Q&A with Ms. Thomson of the Diversity, Equity, and Inclusion Group preceding the walkout

ETHAN HIBBARD, RILEY WALSH, AND ETHAN NOVICK

VIKING SAGA: Do you think the assembly was meaningful to have for the student body?

VICTORIA THOMSON: I guess that really depends on each student. Because I feel like the experience of being a student of color is very different from the experience of students not of color in this school. So I think it depends on individual experience and whether or not it comes across like, “OK, Mr. Kydd is creating this personal to him so now I can see that there is someone on my side.” That’s one takeaway. I also think that some students also went away feeling like, “they thought they could quiet us just by having this assembly and then we wouldn’t walk out tomorrow.” That was some students’ perspectives when I talked to my class afterwards. So I think it depends on who the person is. And, when I went to talk to my students afterwards, some didn’t even know what the whole thing was about. So with that in mind, I think it’s helpful to get everyone on the same page. 

I also heard some people behind me saying, “Well they’re still not gonna do anything. So, from just the voices I heard around me too, some people weren’t satisfied with that and feel like there aren’t changes that are made. But like I said, that really all comes from perspective because if you look at it from Mr. Kydd or Ms. Kelly, all they are doing is running around trying to put out these fires which doesn’t give them time to make all these systemic changes that we want to.

I’m on the district’s Diversity, Equity, and Inclusion committee and we meet every other month with Mr. Newton and try to meet monthly with Mr. Kydd and he’s so bogged down by these tiny little minutiae things that we can’t make the bigger changes that we all want to make. 

VS: So we talked a bit about the assembly and the different perspectives of our current situation. Next block the walk out is supposed to be happening. What are your thoughts for that?

VT: So, one of the organizers for the walkout was in my freshman class and they brought up their reasons for why there was going to be a walkout for the class. And I said, “Okay that’s great, but what is your plan?” And there wasn’t one. The plan was to go out to the football field at this particular time and I said, “And do what?” Because if you don’t have a plan or an agenda, then you’re not going to meet goal. You want change? Then you need to say what you want. If you don’t know what you’re asking for than what’s the point. And then, if you don’t know what you’re asking for and don’t have a plan, then you’re gonna have unintended side effects. And how are you going to deal with those side effects? So that’s basically what I told them. Because at that point they have less than 24 hours to plan this and answer those questions. Who is the leader? Who is everyone turning to for direction?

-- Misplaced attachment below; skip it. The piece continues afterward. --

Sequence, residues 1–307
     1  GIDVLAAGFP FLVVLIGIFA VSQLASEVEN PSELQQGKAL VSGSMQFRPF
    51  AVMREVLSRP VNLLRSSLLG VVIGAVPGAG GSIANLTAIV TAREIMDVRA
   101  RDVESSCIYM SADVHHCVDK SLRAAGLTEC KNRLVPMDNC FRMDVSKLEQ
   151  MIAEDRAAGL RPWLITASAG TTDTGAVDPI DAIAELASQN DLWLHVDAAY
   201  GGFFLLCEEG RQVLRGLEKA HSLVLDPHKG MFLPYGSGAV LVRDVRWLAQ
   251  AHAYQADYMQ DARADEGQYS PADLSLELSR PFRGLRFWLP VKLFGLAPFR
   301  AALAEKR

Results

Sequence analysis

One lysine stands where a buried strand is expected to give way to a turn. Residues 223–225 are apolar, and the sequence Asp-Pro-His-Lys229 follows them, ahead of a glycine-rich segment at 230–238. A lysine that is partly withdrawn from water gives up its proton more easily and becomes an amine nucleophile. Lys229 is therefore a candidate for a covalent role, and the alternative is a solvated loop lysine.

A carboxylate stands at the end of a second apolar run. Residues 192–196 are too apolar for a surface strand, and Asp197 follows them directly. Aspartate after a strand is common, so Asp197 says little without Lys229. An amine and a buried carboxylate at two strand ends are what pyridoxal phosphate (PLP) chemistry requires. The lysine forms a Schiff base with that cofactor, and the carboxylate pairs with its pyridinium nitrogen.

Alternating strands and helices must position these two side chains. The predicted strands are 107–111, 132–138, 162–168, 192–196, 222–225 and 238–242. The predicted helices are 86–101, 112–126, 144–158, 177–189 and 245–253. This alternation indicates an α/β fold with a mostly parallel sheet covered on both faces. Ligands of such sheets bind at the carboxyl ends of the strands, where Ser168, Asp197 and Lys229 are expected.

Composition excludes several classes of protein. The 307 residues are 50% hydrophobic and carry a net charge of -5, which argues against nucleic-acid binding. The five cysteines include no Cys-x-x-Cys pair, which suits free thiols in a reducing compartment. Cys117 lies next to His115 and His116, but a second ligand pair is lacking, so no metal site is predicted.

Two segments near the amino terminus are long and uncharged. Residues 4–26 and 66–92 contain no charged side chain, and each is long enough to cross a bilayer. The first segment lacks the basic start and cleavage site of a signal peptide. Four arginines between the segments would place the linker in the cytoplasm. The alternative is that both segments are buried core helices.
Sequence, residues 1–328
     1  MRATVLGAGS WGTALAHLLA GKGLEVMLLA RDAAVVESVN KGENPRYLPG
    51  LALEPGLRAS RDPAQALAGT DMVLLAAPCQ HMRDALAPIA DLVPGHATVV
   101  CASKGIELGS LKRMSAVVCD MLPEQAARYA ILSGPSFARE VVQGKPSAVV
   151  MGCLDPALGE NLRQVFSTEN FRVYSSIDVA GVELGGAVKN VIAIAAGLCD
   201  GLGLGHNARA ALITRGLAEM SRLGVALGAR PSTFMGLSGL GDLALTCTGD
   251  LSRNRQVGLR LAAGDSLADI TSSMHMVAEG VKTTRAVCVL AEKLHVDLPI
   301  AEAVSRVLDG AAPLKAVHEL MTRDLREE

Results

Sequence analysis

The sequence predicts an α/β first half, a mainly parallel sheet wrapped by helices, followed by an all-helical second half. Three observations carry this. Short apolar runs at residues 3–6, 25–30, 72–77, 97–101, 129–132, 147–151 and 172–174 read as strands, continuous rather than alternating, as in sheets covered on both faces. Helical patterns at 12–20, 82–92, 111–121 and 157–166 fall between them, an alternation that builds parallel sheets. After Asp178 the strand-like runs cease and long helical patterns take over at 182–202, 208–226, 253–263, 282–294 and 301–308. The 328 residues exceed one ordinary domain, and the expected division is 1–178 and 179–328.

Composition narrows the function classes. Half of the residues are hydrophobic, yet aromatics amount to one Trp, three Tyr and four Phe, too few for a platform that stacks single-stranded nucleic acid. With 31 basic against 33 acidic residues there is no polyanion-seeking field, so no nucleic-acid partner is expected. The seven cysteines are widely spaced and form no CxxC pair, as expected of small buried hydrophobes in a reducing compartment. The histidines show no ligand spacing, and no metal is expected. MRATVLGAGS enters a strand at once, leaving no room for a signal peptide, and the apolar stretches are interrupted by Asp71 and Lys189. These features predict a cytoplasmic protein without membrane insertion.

VS: Where do you think we go from here? What are the next steps?

VT: People have this sort of perspective like they want to see change and see something happen. Like, you’re gonna grow up and meet all different kinds of people that have a lower tolerance for other humans. How do you create unity and not division in situations with those people? How do you then sit in a class with that person and deal? Because, you might have a job one day where you work with a person like that and it’s going to to be hard to deal. And you can’t just go beat them up in the bathroom. And that won’t make them unlearn being a racist anyway. So, I think the biggest thing we need to do is think about, how do we have healthy conflict? Conflict happens everywhere, in all of your relationships. 

I sat in on the forum yesterday in the auditorium for the entire time except 20 minutes for lunch and maybe only 12 kids came the entire time. So, show up, when given the opportunity. Instead of hiding behind all these Instagram posts, show up and let you voice be heard if administration is going to give you an opportunity to. I think two things we need to learn is how to actually show up and not hide, and to coexist. We also need to be really open and honest and say that racism is not tolerated here. We should have as many signs in this school that say, “we don’t tolerate racism” as, “we don’t tolerate vaping.” I think that students of color want to know that we support them and that we are on their side and I don’t think that that’s visible enough for them to see.

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